Medical Disorders Impacted by Obstructive Sleep Apnea

Normal-sleeping individuals experience a lower metabolic rate and relative cardiovascular quiescent state with lower heart rate and blood pressure that naturally occurs during sleep compared with the waking state. In patients with obstructive sleep apnea (OSA), this quiescent state becomes disrupted. Research has shown a higher risk for several medical disorders, most ominous being a myocardial infarction or stroke. This article serves as an overview to the cardiovascular, cerebrovascular, metabolic, and gastroesophageal effects of OSA.

Normal sleeping individuals experience a lower metabolic rate and relative cardiovascular quiescent state with lower heart rate and blood pressure that naturally occurs during sleep compared with the waking state. In patients with obstructive sleep apnea (OSA), this quiescent state becomes disrupted. Research has shown a higher risk for several medical disorders, most ominous being a myocardial infarction or stroke. This article serves as an overview to the cardiovascular, cerebrovascular, metabolic, and gastroesophageal effects of OSA.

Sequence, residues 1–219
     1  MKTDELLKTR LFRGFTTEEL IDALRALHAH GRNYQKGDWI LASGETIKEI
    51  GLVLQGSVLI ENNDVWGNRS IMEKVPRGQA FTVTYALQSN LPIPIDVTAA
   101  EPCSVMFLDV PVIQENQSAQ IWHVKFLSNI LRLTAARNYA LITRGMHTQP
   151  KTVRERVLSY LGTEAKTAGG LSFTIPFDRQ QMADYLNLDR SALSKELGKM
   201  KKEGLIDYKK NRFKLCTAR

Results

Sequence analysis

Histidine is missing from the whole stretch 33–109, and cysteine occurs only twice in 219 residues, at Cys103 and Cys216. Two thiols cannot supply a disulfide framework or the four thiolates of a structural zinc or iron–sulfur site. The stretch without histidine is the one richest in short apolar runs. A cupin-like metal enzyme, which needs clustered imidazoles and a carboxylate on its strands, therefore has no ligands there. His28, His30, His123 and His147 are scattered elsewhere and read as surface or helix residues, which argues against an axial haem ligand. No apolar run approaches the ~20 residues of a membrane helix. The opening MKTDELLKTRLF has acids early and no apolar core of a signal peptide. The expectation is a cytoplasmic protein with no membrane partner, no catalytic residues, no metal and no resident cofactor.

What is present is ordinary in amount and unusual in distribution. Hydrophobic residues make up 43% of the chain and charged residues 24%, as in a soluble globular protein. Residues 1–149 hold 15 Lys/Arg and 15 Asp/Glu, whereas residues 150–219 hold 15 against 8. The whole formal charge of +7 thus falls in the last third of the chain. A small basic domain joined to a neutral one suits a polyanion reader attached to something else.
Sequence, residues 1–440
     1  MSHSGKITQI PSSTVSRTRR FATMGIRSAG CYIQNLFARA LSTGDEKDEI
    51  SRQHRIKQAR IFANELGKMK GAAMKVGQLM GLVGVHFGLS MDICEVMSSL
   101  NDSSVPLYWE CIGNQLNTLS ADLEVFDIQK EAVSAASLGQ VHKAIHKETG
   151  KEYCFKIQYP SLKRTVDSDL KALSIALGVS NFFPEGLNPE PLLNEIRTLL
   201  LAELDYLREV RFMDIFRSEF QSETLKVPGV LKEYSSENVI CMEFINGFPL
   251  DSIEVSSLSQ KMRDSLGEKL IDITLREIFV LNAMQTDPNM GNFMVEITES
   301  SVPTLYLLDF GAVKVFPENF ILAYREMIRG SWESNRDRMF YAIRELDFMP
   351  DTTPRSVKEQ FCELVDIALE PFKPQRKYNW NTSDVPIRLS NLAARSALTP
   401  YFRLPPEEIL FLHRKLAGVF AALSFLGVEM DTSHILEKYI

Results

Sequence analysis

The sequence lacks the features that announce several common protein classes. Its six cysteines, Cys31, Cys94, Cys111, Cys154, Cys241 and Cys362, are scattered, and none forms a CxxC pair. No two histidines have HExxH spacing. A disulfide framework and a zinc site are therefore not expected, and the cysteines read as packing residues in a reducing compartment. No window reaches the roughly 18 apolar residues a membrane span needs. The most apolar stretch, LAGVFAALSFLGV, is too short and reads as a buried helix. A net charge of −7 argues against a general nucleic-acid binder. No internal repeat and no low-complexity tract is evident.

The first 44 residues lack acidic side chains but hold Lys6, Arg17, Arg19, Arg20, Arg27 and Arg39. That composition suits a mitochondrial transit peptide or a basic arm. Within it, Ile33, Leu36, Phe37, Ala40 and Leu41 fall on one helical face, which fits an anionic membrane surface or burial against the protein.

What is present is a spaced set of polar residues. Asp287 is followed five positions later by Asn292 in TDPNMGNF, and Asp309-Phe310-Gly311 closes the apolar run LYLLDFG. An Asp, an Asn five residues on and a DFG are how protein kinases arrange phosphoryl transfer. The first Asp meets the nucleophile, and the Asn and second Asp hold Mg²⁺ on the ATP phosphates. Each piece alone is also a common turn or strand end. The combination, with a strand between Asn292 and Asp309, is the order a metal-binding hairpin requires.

Overview of pathophysiology

Complete pathophysiology and background of disease mechanisms is beyond the scope of this article; however, a brief introduction may be helpful before introducing each medical complication of sleep apnea. Please see Fig. 1 for a graphical representation of the following succinct explanation.

Fig. 1
Association between OSA and cardiovascular disease; partial list of the disease mechanisms associated with OSA considered as possible links to several cardiovascular diseases and metabolic dysregulation. CAD, coronary artery disease; CHF, congestive heart failure; LV, left ventricular.